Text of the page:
Positive data suggests US economy picking up faster than rest of world

Ben Southwood
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THE US economic recovery may now be on a firmer footing, a raft of data releases yesterday suggested, in stark contrast with more gloomy world conditions.

Business activity improved in September, hitting zero on the Chicago Fed’s national activity index, up from minus 1.17, implying economic growth rates close to long-term trends.

New orders of durable goods also bounced back from a downbeat August picture, according to data from the US Census Bureau, climbing 9.9 per cent into September to hit $218.2bn (£135.4bn), after August’s 13.1 per cent collapse.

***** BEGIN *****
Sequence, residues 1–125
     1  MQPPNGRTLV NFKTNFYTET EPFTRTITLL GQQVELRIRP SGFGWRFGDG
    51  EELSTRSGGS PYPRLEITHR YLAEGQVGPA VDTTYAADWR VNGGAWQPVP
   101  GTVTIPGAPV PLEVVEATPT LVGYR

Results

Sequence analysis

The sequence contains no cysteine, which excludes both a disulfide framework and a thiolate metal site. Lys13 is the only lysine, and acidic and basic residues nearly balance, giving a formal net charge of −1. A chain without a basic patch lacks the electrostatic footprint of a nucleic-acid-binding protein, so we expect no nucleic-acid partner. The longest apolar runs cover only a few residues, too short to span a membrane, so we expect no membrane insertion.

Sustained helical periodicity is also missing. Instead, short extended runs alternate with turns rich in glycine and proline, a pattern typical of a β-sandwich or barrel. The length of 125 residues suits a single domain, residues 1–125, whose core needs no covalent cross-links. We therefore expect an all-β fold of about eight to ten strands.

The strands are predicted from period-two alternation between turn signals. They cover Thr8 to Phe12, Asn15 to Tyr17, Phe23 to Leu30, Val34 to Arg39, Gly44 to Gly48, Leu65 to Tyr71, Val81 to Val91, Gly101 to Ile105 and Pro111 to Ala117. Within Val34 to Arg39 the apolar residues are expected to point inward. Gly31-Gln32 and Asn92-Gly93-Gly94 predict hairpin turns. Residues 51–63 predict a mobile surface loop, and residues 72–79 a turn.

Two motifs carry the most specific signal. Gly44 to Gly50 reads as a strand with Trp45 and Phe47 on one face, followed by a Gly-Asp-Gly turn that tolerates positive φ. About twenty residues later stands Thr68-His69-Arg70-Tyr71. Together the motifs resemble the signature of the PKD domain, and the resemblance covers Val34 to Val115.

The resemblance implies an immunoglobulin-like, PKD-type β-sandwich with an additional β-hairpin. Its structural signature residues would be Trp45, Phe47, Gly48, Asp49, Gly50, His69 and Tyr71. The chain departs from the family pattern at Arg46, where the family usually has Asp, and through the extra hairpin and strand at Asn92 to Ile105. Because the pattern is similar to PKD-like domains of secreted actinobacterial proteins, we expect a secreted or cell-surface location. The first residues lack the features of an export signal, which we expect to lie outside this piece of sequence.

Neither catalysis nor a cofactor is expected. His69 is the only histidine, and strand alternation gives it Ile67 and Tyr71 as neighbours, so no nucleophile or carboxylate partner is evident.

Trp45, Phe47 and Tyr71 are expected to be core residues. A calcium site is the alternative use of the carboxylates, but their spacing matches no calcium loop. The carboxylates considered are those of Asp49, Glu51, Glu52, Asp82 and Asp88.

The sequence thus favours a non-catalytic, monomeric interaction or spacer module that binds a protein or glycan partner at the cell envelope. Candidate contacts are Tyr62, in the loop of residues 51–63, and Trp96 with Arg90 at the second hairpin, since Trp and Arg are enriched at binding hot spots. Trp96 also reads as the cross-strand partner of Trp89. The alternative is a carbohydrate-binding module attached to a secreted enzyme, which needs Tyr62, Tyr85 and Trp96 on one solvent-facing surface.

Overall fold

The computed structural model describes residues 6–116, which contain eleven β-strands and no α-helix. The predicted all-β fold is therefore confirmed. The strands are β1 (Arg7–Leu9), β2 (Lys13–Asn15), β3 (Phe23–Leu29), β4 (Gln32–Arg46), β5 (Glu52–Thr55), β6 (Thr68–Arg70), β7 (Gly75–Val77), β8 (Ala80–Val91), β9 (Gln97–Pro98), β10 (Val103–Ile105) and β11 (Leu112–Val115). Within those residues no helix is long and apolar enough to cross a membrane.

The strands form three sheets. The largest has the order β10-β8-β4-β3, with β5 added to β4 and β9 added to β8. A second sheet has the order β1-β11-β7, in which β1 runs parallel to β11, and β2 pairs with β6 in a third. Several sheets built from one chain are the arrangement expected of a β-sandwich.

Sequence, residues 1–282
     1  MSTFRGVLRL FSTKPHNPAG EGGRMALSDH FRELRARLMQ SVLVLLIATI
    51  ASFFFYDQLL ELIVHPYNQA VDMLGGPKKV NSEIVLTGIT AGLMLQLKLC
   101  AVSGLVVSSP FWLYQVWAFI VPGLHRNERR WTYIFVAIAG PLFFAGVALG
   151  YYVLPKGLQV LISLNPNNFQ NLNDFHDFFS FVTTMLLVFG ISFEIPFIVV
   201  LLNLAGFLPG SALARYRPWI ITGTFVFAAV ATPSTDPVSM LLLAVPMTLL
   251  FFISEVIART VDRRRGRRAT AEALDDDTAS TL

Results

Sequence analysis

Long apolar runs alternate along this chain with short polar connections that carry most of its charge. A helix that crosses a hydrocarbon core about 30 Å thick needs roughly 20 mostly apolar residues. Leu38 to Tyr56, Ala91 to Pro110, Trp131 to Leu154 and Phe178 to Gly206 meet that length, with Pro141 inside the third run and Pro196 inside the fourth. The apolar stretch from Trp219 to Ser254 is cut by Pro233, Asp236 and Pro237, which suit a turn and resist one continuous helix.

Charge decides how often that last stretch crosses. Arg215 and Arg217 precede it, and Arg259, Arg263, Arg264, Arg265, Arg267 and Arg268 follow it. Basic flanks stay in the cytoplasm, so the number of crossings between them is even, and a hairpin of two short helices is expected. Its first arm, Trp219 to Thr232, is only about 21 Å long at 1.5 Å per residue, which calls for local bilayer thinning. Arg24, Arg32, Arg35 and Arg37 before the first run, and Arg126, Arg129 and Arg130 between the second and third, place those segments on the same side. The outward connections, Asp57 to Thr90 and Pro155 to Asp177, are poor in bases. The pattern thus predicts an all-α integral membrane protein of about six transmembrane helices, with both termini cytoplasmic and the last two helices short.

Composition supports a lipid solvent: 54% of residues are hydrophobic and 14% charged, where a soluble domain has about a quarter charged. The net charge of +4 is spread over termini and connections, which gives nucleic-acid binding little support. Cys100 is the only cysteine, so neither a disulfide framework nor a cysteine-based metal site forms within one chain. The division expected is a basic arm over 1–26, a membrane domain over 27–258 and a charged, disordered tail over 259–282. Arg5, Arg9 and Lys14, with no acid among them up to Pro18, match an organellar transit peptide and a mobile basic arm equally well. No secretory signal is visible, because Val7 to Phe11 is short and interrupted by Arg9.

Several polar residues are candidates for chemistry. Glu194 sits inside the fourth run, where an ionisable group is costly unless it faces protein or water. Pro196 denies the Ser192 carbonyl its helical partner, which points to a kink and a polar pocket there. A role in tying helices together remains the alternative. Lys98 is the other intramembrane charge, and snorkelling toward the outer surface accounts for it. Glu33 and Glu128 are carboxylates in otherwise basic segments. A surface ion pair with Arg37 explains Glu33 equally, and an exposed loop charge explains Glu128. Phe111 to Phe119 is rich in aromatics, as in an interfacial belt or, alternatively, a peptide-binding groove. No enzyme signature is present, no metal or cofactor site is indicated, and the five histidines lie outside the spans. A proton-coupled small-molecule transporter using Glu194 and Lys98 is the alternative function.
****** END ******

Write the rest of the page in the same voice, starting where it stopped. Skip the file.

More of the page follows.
And new unemployment benefit claims plummeted 23,000 in a week, hitting 369,000 on the seasonally adjusted measure, the Department of Labour said, though this data is for the week ending 20 October. This plunge clawed back a large chunk of the 50,000 jump seen in the previous week.

Contracts to buy previously owned homes were less positive, rising just 0.3 per cent on the month, data from the National Association of Realtors (NAR) revealed, well under expectations of around 2.1 per cent, but economists still expected a generally upward trend.

NAR chief economist Lawrence Yun said: “With positive underlying market fundamentals [home sales] should continue on an uptrend in 2013.”